Liberty Nation GenZ believes in educating young Americans about our country, the Constitution, and the history that created U.S. culture. This elementary level lesson plan can be used in the classroom or the home, and adapted to a range of student abilities.
- Students will gain recognition of key U.S. symbols, figures, and native birds (turkey, bald eagle, Benjamin Franklin, great seal).
- Students will practice reading and comprehending an informational text.
- Students will complete a creative project to reinforce their learning.
HANDOUT: Describing words for birds
HANDOUT: Design a seal activity
- colored pens/pencils
Begin with some dramatic play. Students choose their favorite animals to “act out.” Alternatively, the teacher can provide pictures of different birds and have the children identify them before imitating the birds (suggestions: goose, chicken, duck, pigeon, vulture). Include any birds native or common to the area. Finish with the turkey and the bald eagle.
Read out a series of facts – if the students think it describes the turkey, they make a turkey noise and action, if they think it describes a bald eagle, they act like an eagle. This could be played cooperatively or as a competitive team game. Suggested facts:
- This bird is on the U.S. Great Seal.
- This bird says, “gobble gobble.”
- Americans often eat this bird at Thanksgiving.
- This is the national bird of the United States.
- This bird is both wild and farmed.
- This is a bird of prey.
- This bird’s young are called “poults.” (answer: turkey)
- This bird has a white head, a brown body, and a yellow beak.
- This bird was sacred in Ancient Mexico; it was called Great Xolotl. (answer: turkey)
- This bird mates for life. (answer: bald eagle)
- The skin under this bird’s beak is called a “snood.” (answer: turkey)
- This bird built the world’s largest nest. (answer: bald eagle)
- You can tell whether this bird is male or female by the shape of its poop. (answer: turkey)
- This is actually a sea bird that is often found living by lakes and rivers. (answer: bald eagle)
For a quieter variation of this activity, students can vote on the answers or strike a pose for each bird.
Students brainstorm words to describe each bird. They can write their answers on the describing words for birds handout. Then go through the answers together, with students making their suggestions to the teacher.
Ask students which bird better symbolizes the United States, and why.
Read the article America’s Bird: Bald Eagle Vs. Turkey. Depending on students’ reading level, this can be done as a class, led by the teacher, or completed individually.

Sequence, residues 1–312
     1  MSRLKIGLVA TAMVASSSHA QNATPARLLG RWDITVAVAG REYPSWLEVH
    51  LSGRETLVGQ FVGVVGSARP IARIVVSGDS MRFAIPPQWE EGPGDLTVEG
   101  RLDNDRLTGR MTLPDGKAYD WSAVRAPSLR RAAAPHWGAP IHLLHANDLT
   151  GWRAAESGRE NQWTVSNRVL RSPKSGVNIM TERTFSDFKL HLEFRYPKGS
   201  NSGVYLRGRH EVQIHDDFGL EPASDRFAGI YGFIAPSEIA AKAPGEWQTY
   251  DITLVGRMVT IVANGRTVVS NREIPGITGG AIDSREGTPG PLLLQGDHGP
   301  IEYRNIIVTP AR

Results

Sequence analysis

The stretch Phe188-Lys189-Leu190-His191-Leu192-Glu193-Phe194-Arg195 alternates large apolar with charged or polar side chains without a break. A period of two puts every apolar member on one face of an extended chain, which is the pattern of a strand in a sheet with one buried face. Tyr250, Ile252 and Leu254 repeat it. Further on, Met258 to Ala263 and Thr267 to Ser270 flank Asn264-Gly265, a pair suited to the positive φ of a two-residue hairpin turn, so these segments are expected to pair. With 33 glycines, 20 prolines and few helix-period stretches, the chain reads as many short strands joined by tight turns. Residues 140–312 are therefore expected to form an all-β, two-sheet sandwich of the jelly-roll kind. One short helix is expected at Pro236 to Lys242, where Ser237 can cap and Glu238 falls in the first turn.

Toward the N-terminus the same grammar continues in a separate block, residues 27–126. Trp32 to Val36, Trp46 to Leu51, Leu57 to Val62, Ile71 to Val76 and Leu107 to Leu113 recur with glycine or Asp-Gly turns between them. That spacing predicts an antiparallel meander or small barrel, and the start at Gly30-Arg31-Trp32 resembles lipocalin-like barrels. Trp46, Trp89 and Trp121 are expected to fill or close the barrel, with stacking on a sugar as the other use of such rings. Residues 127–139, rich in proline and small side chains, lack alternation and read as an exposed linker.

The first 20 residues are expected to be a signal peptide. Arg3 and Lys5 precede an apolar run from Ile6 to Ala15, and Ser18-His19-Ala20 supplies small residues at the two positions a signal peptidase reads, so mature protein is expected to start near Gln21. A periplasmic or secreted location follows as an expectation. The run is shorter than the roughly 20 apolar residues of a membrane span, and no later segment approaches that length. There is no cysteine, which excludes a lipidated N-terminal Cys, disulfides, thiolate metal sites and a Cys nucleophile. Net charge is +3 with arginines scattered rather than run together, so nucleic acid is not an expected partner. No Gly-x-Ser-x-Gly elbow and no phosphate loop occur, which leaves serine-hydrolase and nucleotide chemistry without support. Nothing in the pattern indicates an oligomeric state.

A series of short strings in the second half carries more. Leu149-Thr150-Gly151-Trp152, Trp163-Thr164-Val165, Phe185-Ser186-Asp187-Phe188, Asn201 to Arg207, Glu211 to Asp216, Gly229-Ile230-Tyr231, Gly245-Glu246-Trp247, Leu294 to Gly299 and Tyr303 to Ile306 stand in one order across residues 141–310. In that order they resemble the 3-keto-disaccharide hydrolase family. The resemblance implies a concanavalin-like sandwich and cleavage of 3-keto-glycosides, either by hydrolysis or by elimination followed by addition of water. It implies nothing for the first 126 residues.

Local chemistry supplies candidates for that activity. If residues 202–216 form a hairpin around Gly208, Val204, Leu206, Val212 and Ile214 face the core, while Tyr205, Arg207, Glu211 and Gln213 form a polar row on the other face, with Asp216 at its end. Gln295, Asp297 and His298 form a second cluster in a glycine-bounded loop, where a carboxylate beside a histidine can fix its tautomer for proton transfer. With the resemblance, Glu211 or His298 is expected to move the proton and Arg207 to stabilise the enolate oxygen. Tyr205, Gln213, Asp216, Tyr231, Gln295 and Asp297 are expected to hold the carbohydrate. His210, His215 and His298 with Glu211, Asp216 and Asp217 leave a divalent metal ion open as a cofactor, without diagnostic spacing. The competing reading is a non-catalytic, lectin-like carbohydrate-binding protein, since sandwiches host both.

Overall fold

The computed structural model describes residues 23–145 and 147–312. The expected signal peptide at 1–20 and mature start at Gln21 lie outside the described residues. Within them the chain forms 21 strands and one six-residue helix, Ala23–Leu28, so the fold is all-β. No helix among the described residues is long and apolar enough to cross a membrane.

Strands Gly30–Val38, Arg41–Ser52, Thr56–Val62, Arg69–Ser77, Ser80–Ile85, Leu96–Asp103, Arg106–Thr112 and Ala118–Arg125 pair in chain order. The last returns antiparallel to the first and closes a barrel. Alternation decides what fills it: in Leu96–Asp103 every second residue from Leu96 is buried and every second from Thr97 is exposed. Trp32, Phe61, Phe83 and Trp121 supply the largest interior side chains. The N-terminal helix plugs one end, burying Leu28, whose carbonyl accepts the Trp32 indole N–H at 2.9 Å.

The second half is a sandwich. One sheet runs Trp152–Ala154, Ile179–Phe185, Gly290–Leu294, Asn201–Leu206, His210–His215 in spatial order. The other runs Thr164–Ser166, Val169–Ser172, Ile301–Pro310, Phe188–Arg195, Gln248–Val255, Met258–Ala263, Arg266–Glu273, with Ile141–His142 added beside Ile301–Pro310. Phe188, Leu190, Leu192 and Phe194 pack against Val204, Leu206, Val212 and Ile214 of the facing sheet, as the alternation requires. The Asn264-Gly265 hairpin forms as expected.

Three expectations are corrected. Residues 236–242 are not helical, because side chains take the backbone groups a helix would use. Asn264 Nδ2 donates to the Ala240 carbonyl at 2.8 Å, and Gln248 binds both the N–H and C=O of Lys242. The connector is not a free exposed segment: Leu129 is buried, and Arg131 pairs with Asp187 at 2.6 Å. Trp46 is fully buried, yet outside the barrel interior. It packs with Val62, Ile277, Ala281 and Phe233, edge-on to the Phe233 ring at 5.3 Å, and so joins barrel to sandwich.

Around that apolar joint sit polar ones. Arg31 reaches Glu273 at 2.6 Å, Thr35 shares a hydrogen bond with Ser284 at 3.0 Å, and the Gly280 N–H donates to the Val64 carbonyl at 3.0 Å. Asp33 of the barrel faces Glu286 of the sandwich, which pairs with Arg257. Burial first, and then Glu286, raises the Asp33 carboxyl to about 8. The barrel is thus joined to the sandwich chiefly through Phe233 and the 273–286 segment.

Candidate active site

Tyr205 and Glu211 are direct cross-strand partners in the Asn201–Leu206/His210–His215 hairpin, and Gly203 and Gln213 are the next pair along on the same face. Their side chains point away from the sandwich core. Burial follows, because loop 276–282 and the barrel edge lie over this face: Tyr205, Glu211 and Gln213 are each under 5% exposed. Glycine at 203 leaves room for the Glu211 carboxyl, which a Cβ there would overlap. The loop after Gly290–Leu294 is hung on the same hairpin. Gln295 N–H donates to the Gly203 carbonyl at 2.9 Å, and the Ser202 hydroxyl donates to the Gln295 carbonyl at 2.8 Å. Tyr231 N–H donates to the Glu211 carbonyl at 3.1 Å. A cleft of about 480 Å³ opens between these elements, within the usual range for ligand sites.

Students may circle or point to words they don’t understand – make a list together and try to figure out the meanings from the context.
Verbally ask comprehension questions about the article. Some suggestions:
- What animal is on the U.S. great seal?
- Who thought the bald eagle was a “lazy” and a “coward”?
- Who did Benjamin Franklin write to?
- What other bird did he suggest in his letter?
- How did Benjamin Franklin describe the turkey?
- Which bird steals fish to eat?
- When was the Declaration of Independence signed?
- Who was in charge of coming up with a picture for the Great Seal? What did they suggest?
- What was Benjamin Franklin’s real suggestion? Did Congress approve it?
- Who designed the U.S. great seal as we know it today?
Students complete the fill in the gaps comprehension exercise handout to create a summary of the article.
Show students the U.S. great seal and ask whether they think it is a good representation of the U.S. Informally brainstorm ideas of other U.S. symbols.
Creative project: Students imagine the turkey was chosen to represent the U.S. instead of the bald eagle. They use the design a seal activity handout to draw a new U.S. seal depicting a turkey instead of an eagle and write three sentences describing what ideals the turkey could represent. They can also include other U.S. symbols in their design.
Students imagine they are Franklin’s daughter and write a response to his letter. Alternatively, students imagine they are Thomas Jefferson, one of the other Founding Fathers in charge of designing the seal, and write a letter to Benjamin Franklin responding to his complaints.
Class debate. For higher grades, split students into teams. Assign half the teams the position “The national bird should be changed to the turkey,” and the other half the argument that “The bald eagle should stay the national bird.” Give each team time to formulate their answers before holding a debate. In smaller classes, the student(s) can debate against the teacher.
Research project. Students look online or in books to discover what other design ideas were put forward for the U.S. seal. They can create a list or write a few sentences about one proposal of their choice.